Cloud Computing Boosts Productivity And Lowers Costs

Cloud Computing Boosts Productivity And Lowers Costs

When the pandemic forced the world to stop commuting in 2020, cloud computing took off in a new way. As early adopters looked on, multitudes began using the tools they had for more than a decade. While sequestration caused some problems, it also worked to develop new solutions, and software manufacturers further improved their offerings.

The lesson in business agility proved simple. You could remain in business if you devised a way to work without direct contact with others. Corporations sent their office staff home and turned to cloud solutions like Microsoft Cloud Solutions for secure remote computing that connected their far-flung staffers. Even those practicing day-to-day business improvement methods like kaizen discovered weaknesses they did not know existed.

One of those weaknesses was their resistance to adopt cloud technology. In a survey conducted by Freeform Dynamics for Cisco, 58 percent of respondents said they adopted the use of cloud technology they had previously rejected. They then admitted that they would continue using the available cloud options after recognizing the boon to productivity digital collaboration brings.

The work from home or close option brought recognition of how unproductive offices become and allowed people to work distraction and interruption-free. That boosted productivity massively. It resulted in 49 percent of managers increasing flexible schedule options because it increased the trust of 53 percent of managers in their workforce.

People discovered they did miss coffee breaks, but devised ways to conduct those short conversations via video conferences like those on Skype and Zoom or social chat channels like Facebook groups or Slack chats.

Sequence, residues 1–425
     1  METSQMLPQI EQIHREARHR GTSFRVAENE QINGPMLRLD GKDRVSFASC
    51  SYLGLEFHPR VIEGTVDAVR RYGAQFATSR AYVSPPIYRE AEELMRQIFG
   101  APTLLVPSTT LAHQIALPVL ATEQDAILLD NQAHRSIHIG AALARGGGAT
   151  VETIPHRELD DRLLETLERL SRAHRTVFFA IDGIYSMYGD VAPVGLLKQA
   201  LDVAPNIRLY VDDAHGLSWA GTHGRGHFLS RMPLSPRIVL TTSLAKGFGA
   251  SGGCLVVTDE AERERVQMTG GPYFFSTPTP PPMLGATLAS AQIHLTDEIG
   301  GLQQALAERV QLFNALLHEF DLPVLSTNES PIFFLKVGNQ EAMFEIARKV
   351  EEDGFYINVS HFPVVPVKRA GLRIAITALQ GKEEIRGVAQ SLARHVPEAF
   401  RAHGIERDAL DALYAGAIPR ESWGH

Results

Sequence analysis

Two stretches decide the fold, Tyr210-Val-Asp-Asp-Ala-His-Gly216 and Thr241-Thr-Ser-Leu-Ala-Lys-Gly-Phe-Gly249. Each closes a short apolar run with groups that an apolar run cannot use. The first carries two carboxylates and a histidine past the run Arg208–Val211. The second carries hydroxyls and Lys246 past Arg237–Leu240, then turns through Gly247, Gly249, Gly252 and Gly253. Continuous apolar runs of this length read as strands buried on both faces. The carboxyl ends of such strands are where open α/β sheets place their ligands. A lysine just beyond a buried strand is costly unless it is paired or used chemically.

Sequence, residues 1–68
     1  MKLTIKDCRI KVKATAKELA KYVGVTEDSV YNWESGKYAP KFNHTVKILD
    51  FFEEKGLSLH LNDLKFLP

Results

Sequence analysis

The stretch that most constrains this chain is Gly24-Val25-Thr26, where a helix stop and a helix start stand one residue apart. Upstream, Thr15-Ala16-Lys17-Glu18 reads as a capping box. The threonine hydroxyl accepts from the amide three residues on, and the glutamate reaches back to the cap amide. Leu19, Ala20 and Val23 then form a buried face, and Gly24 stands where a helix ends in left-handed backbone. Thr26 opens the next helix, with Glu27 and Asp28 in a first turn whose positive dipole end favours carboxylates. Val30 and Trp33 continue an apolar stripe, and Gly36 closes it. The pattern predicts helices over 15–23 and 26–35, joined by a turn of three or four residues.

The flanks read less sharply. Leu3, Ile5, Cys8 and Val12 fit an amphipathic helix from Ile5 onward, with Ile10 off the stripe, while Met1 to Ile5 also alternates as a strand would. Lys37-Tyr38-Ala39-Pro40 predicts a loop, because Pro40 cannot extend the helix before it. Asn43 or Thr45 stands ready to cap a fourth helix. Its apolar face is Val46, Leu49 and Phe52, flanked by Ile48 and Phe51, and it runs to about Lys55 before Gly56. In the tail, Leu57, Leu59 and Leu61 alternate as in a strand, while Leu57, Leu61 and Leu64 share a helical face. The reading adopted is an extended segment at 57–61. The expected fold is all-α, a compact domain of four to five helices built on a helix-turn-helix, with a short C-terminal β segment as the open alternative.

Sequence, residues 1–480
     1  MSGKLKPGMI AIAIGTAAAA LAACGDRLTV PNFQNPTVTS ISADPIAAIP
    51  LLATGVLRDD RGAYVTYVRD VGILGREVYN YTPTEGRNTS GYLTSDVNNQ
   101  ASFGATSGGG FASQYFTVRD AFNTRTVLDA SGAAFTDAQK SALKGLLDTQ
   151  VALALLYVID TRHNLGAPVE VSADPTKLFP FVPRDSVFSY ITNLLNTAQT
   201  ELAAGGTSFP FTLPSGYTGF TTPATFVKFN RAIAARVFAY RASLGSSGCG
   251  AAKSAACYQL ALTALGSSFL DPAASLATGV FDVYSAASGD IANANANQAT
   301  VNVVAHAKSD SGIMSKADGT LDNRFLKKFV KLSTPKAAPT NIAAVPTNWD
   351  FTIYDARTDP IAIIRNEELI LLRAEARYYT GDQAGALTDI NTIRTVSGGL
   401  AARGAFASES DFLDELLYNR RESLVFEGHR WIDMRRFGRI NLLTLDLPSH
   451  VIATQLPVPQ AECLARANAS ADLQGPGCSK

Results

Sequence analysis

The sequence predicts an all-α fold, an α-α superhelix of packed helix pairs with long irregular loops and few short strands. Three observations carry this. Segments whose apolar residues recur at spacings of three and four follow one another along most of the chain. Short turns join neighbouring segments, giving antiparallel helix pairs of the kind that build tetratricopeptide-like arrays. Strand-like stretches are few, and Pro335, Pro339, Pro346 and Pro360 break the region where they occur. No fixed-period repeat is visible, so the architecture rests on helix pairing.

Companies using work from home methods found that their workforce had a tough time maintaining work-life balance while working in the cloud. By making it a priority to help with the work-life balance, employers boosted the morale of the 76 percent having a tough time separating from their work.

Of course, the people who already worked remotely had a plan in place. Employers began seeing the value in these remote employees and increased remote hires, valuing the growth of the talent pool available to them.

All of this improvement even costs less. Gartner projects a 7.3 percent decline in technology spending in 2020. Sapphire Ventures surveyed 100 chief information officers (CIOs) and vice-presidents of information technology (VP IT) to determine spending levels. The majority, 86 percent, reported they would maintain or increase spending, but as September nears close, it seems maintenance was their choice.

Expect a continued shift to cloud computing after the pandemic ends. Businesses small and large have learned the value of working from anywhere and productivity boosts at reduced costs make it savvy bottom line decision for every firm.

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